Isaac Deline, mistakenly recorded as Issac N. Deline in the Adjutant General's report, enlisted with Co. K, Illinois 100th Regt. on 3 July 1862, mustered in on 30 August 1862 he was promoted to 2nd Lieutenant, as Isaac M. Deline on 1 Jan 1863. He resigned on 29 May 1863, the reason being, "domestic affairs" (page 70). In his Declaration for an Invalid Pension (page 71), Isaac states that he was discharged at Murfreesboro, Tennesee on 25 June 1863. He had been injured in a fall upon a rock on a very dark night, which caused a "running sore" (ulcer) above his left ankle which caused him trouble ever since. Isaac was granted $12 a month beginning 2 March 1891 (page 77).

In 1870 the four, Isaac (age 36), Nancy (age 40), George (age 12) and Alvira (age 10) are again found in Joliet, Illinois. The date on the census sheet is 8 June 1870. In the same year, on a sheet dated 12 July, Isaac is enumerated in Arapahoe County, Colorado, age 36, born in New York, a carpenter. Seven, apparently unrelated men ages ranging from 22 to 55, are recorded in the household. In her affidavits Nancy states that Isaac went west "about 1870." One affidavit states that he was having financial troubles in Illinois before leaving. His son George stated that they first heard of Isaac in Denver, Colorado and that he went to California in 1877 and was further found in Santa Clara County (page 89 which is a summation). As mentioned above, Isaac's name is enumerated in 1880 both in Joliet and in Township 3, Amador Co., California. From Nancy's affidavits it appears that once Isaac left in 1870, he never returned, so it appears that in 1880 and in the following years with regards to his name appearing in the Joliet City Directory, that Nancy was simply giving his name to the enumerator and to those who published the directory. She states that she had one correspondence with Isaac in 1887 or 1888. She then did not hear of him, or his where-a-bouts until 1893 or 1894 when he was found in Ventura County, California. Isaac is found on the California Great Registers (voter rolls) in 1876 (San Francisco), 1880 (Volcano, Amador Co.), 1884 (Los Angeles) and 1888 (Ojai, Ventura Co.). Simultaneously, he is still listed in the Joliet City Directory in the years 1884 through 1889/90.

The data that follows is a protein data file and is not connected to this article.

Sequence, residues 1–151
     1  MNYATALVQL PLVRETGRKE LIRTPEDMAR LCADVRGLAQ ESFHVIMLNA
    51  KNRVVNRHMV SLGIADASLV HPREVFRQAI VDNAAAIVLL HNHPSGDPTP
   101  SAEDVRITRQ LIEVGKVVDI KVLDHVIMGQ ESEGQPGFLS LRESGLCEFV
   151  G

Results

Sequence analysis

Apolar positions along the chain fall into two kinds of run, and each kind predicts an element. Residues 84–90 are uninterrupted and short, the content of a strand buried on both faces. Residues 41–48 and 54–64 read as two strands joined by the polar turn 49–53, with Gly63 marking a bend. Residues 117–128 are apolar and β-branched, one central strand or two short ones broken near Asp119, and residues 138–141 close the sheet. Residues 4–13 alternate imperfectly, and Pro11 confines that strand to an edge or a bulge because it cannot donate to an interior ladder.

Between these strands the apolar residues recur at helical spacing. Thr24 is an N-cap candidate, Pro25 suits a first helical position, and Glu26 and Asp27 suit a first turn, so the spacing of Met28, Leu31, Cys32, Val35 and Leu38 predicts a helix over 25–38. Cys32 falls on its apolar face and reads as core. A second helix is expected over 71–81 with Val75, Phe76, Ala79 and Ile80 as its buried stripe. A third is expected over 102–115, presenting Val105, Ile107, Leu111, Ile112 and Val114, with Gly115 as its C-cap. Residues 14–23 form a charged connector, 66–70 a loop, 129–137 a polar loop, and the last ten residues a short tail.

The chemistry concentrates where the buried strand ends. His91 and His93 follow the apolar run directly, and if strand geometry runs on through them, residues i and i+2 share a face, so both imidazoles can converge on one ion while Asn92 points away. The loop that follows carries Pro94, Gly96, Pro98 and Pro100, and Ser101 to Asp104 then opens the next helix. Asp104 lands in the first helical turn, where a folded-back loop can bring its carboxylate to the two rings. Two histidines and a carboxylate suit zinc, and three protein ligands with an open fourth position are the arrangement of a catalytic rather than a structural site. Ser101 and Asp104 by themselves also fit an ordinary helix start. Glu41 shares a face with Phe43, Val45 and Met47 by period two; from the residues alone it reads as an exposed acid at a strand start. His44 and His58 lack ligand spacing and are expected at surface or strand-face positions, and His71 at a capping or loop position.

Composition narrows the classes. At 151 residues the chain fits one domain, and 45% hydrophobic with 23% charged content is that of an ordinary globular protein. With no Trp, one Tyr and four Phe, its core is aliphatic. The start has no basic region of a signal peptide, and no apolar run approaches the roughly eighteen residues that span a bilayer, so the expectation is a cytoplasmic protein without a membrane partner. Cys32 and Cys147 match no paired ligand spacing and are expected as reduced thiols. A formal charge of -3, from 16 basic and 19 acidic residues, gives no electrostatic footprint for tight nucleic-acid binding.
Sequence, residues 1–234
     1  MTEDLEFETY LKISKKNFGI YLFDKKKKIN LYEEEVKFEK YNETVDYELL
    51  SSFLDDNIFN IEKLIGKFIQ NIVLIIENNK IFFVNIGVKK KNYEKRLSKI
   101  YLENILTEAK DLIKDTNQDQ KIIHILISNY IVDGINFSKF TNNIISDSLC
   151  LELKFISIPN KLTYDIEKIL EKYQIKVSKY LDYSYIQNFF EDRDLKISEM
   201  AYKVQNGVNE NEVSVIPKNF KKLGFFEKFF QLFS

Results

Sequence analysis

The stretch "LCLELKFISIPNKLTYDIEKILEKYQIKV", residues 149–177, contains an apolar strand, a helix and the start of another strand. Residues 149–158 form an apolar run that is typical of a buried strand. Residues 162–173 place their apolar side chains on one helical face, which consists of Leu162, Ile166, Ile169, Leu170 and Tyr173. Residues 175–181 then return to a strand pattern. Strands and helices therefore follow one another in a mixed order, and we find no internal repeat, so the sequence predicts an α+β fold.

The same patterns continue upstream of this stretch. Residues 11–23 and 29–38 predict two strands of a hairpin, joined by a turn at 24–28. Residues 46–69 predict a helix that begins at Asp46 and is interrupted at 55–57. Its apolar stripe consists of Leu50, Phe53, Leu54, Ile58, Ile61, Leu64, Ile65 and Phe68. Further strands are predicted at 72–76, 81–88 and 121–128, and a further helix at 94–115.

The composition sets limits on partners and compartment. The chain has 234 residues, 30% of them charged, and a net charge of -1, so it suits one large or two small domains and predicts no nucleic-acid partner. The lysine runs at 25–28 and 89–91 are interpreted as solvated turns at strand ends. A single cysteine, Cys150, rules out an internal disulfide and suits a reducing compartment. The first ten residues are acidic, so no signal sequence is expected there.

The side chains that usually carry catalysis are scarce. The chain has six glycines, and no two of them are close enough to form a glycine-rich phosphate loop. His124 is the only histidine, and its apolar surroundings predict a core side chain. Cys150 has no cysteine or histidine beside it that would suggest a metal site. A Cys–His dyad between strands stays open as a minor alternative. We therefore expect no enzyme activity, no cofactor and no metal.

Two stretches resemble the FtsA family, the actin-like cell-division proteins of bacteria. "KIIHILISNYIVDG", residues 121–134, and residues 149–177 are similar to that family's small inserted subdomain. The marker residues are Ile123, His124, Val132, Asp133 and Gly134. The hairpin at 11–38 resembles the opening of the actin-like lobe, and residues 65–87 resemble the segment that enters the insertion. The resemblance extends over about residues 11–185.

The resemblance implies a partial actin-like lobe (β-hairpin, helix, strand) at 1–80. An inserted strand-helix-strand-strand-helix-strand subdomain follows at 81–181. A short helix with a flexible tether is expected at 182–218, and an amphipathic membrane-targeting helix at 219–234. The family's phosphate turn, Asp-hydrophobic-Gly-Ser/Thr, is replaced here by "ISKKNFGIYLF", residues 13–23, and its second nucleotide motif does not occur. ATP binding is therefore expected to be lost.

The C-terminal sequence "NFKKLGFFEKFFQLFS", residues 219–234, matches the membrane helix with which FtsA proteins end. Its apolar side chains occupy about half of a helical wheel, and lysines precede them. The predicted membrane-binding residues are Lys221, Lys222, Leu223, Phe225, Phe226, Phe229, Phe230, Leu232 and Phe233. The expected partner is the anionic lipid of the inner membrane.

Lottie Deline, in her application, states that she knew Isaac for about two years before they were married on 12 September 1887 (page 90). She was under the assumption that Isaac's first wife was deceased. She was not, and Isaac was well aware of that fact when he married Lottie. The realization that Isaac had two families seems to have come to light only after Isaac's death (see the letter of 9 March 1896 from John A. Milligan to Mrs. I. M. Deline of Joliet, pages 46-49 in the pension file). As mentioned above, Isaac and Lottie had two children who were only about ages 5 and 6 when Isaac died. Lottie mentions them in her application. Nancy had provided a letter from the pastor of the Second Methodist Episcopal Church in Brooklyn, attesting to their marriage in 1854, while Lottie apparently only had her own word. In the summery (page 92) favor is given to Nancy for the claim of being Isaac Deline's widow (Nancy and Isaac were never legally divorced and Nancy never remarried). Nancy received a widow's pension of $8 a month beginning 9 February 1895. Her last payment was 4 January 1900, and it was dropped 27 March 1900 due to her death.

Of Isaac's four children, it appears that only his son Frank (by his second wife, Lottie) had descendants. While George married, later in life, he did not appear to have had children. Neither of Isaac's daughters, Alvira (first wife) or Charlotte May (second wife) married. Alvira is buried with her mother in Oakwood Cemetery, Joliet, Illinois. George is buried there as well. Charlotte May, or simply May Deline, died in 1974. Lottie (a common nickname for Charlotte) died in 1916. Both are buried, along with Isaac in Nordhoff Cemetery, Ojai, California. Frank Deline died in 1949 and is buried in Los Angeles National Cemetery. Frank's wife was Clara D. Archer, and they had two daughters, Florence and Alta.

As mentioned, only 100 of the 135 pages of Isaac's pension file were received. Some affidavits are difficult to read and it is suggested that those who have a greater interest in this story download the PDF so that they can spend more time examining it. Research conducted at Ancestry.com can be found in this small "tree," although a subscription will be needed by those who wish to access the details within the sources cited. The page for "Lieut. Isaac Marshall Deline" at Find A Grave provides some more information, some of which I have not been able to verify.

And so the correction of November 4, 2014, stands corrected.